A look at the key emerging trends in the cybersecurity space…

Key trends

Ransomware attacks become common

In the past one year, the instances of ransomware attacks have grown significantly. In these attacks, enterprises’ key data or sensitive information is illegally encrypted through cryptovirology and then a ransom to decrypt it is demanded. It blocks users’ access to information until they pay a certain sum of money.

In 2016, India was ranked fourth globally among the countries most affected by ransomware and unfortunately, experts believe that it is just the beginning. They expect ransomware attacks to take more variations and strength in 2017. According to Trend Micro’s projections, there will be a 25 per cent growth in the number of ransomware families globally in 2017. Cybercriminals are likely to use automation to further strengthen such attacks.

To prevent such attacks, enterprises must focus on end-user awareness and training. They also need maintain adequate data-backup, so that information can be restored in an event of a ransomware attack.

Detection and response emerging as security priority for enterprises

In recent years, enterprises have been increasingly investing in the strengthening of detection and response mechanisms. As per estimates, the industry has significantly reduced the average number of days taken to detect breaches from over 220 days to around 150 days. The extensive use of big data analytics will further reduce this duration in the coming years.

The enterprises are moving away from prevention-only approaches. As per a recent report by Gartner, investments in enhancing detection and response capabilities are expected to be a key priority for security solutions buyers through 2020.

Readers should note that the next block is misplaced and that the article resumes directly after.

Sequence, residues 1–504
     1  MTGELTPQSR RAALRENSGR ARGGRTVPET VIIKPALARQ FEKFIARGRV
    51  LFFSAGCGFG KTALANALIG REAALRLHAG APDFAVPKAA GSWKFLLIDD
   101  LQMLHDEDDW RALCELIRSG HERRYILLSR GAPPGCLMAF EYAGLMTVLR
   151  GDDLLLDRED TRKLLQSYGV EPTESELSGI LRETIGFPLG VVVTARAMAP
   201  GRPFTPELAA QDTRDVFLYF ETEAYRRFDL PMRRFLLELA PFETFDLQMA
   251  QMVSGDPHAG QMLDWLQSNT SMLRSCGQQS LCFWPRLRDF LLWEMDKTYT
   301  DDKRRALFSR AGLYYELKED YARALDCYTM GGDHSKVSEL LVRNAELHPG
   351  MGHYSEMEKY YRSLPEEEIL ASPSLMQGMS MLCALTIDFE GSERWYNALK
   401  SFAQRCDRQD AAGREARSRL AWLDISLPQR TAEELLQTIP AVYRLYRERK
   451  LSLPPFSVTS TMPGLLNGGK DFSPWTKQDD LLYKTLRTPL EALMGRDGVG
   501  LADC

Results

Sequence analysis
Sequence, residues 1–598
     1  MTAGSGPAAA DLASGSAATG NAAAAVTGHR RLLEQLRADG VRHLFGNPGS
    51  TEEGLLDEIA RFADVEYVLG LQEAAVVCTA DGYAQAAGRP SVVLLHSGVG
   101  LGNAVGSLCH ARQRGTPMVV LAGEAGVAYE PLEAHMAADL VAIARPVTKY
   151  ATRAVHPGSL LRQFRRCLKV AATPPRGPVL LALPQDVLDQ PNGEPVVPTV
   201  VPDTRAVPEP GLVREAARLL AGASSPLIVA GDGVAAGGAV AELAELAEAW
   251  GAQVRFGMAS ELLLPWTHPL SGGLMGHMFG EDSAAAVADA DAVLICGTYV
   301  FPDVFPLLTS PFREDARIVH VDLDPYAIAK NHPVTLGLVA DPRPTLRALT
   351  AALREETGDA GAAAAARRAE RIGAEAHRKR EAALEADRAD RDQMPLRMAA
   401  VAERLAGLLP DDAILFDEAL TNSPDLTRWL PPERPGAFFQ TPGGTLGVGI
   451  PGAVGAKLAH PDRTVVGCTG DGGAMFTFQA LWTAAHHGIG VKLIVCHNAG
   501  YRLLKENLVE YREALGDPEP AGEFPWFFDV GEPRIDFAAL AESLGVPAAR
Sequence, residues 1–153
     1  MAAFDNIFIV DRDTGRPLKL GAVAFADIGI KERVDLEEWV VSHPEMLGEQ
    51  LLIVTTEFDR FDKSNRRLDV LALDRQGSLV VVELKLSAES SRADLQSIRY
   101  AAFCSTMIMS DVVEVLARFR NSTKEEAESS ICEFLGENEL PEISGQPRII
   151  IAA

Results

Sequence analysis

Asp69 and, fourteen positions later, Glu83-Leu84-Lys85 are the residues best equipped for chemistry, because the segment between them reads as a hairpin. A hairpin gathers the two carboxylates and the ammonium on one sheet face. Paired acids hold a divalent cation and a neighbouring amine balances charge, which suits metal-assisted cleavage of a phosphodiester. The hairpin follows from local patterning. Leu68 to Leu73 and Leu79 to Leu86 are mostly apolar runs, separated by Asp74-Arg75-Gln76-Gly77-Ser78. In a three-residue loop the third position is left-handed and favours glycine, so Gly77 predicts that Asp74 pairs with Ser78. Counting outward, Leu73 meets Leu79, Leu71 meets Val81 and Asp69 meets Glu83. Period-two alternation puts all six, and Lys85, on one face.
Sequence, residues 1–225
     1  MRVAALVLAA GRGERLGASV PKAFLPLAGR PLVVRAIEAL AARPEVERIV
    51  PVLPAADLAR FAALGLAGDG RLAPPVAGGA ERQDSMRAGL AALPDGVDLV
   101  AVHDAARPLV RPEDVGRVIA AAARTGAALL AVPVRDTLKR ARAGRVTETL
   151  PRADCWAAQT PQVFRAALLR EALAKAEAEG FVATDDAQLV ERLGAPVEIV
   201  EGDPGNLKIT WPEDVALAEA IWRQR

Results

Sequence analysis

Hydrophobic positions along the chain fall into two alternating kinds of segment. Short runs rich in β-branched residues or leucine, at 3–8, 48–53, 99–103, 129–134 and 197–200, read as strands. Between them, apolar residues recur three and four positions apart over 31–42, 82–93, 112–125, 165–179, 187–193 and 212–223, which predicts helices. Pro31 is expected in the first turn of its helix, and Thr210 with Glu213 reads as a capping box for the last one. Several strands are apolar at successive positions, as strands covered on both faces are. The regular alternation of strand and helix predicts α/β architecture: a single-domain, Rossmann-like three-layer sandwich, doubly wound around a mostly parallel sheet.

The report also states that the need to better detect and respond to security incidents has created new security product segments, such as deception, endpoint detection and response, software-defined segmentation, cloud access security brokers, and user and entity behavior analytics.

Cyberattacks to grow more complex

Cybercriminals are now exploring new ways to evade detection. Phishing and social engineering are emerging as dominant attack methods. In future, attackers are also expected to rely on artificial intelligence within server environments to figure out the best mode of attack. Custom-designed malware and cross platform malware designed to operate on and between multiple devices will become common. Drone jacking is also expected to become prevalent.

In response to the growing complexity of cyberattacks, preventive security controls such as firewalls, application security and intrusion prevention systems are now being tweaked to add more intelligence to security operations, analytics and reporting platforms.

IoT to make networks threat prone

While IoT promises to revolutionise the way enterprises operate, it also poses a great threat to data security given the myriad connected devices involved in the ecosystem. Gartner predicts that by 2020, over a quarter of identified attacks on enterprises will involve IoT. Industry reports suggest that a large number of IoT devices still lack basic security features. As a result, distributed DoS (DDoS) attacks have risen from the 400 Gbps bandwidth to more than 1 Tbps.